Can Spouses Stay Friends In Spite of Workplace Problems Between The Other Half of the Couples?

A Question to Ask the Workplace Doctors:
How can I find out if  the wife of my husband’s former coworker
wants to stay friends with me? 



My husband and his good friend/co-worker applied for the same job and my husband got the promotion. My husband was able to overlook some of his coworker’s faults because of their friendship, but when my husband moved into a supervisor role he has had to address some of the ongoing issues and they are no longer friends.

We use to spend a lot of time with my husband’s co-worker and his wife and we became really good friends. I haven’t heard from her in a while and our last contact was brief. I don’t want to assume our friendship is over because of our husbands’ issues, but how do I ask if it is?


Hello and thank you for your question about what to do to keep a friendship when the husbands are having work conflict and organizational positions have changed. Your friend is probably wondering the same thing!

Our advice about almost all concerns is to have a direct and to-the-point conversation, but I don’t think that would work as well in this case. In fact, this is one of the few times when I will advise someone to be less than completely truthful. You can still be truthful, but you don’t need to share all you know.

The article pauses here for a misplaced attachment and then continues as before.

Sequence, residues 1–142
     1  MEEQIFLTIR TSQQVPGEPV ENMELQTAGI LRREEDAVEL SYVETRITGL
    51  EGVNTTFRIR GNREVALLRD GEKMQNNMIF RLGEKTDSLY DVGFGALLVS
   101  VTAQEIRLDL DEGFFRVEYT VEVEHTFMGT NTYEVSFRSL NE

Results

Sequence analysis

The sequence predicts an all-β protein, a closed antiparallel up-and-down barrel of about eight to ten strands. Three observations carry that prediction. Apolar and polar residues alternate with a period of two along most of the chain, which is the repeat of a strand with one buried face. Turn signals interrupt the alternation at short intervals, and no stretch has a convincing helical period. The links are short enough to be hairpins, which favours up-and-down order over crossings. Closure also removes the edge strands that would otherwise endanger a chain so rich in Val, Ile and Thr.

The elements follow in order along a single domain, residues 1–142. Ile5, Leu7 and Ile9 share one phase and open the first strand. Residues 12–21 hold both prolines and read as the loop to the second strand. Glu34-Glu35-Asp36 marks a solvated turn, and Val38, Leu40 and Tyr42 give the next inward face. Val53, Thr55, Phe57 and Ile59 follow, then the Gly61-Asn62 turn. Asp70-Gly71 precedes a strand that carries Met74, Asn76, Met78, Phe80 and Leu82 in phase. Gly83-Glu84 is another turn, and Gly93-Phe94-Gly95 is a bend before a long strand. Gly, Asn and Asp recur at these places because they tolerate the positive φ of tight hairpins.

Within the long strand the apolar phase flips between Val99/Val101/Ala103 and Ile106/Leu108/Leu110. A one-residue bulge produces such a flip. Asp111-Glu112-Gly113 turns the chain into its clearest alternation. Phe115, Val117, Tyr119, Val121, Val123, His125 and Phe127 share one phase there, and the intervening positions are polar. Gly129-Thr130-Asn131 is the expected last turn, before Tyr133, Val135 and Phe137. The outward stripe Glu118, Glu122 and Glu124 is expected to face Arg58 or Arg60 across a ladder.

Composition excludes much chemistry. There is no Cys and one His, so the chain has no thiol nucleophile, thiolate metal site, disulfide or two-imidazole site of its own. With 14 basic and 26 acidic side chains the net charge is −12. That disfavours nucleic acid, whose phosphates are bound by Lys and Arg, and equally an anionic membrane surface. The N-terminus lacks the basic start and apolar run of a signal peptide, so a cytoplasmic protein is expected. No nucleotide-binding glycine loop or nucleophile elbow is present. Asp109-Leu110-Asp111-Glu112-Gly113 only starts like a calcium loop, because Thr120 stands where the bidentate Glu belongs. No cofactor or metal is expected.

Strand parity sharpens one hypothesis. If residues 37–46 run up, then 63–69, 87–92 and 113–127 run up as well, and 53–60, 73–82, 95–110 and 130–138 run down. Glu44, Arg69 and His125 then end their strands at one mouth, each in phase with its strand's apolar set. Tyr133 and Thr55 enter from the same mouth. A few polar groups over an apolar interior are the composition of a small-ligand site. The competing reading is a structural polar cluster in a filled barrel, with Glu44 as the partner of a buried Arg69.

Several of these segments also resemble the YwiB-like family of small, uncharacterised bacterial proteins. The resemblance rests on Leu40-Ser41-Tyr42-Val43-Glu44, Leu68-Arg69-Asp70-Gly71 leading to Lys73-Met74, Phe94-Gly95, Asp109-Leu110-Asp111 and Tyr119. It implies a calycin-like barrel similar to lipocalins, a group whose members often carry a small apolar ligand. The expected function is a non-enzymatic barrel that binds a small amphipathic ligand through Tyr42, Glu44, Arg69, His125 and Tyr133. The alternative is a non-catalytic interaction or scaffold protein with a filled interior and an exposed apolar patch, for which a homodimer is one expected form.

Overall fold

Here are some things to consider before you decide what to do:

If you do contact your friend and find a way to get together on your own, without husbands, both of you will have a big thought in your mind, “What about the problems our husbands are having and will we ever be “couples” friends again?” If you say things to indicate you know about the details of the work conflict between her husband and yours and she tells her husband, he would strongly resent the idea that his supervisor/former friend is discussing work issues in that much detail at home—and may wonder who else the former friend is telling about it. It could make things much worse, especially since inevitably his side of the story will be different than that of your husband. There could even be a workplace confrontation about it, which could become very bad.

In addition, there is the issue that the best way to deal with work stress is to leave it at work and not to spend very much time at all thinking or talking about it at home, unless it’s with a counselor. So, if either you or your friend are as honest as you should be about your activities, you’ll mention your meeting and that might start a frustrated and angry conversation about the work conflict—even if it’s just, “It’s a shame her husband isn’t as nice as she is.”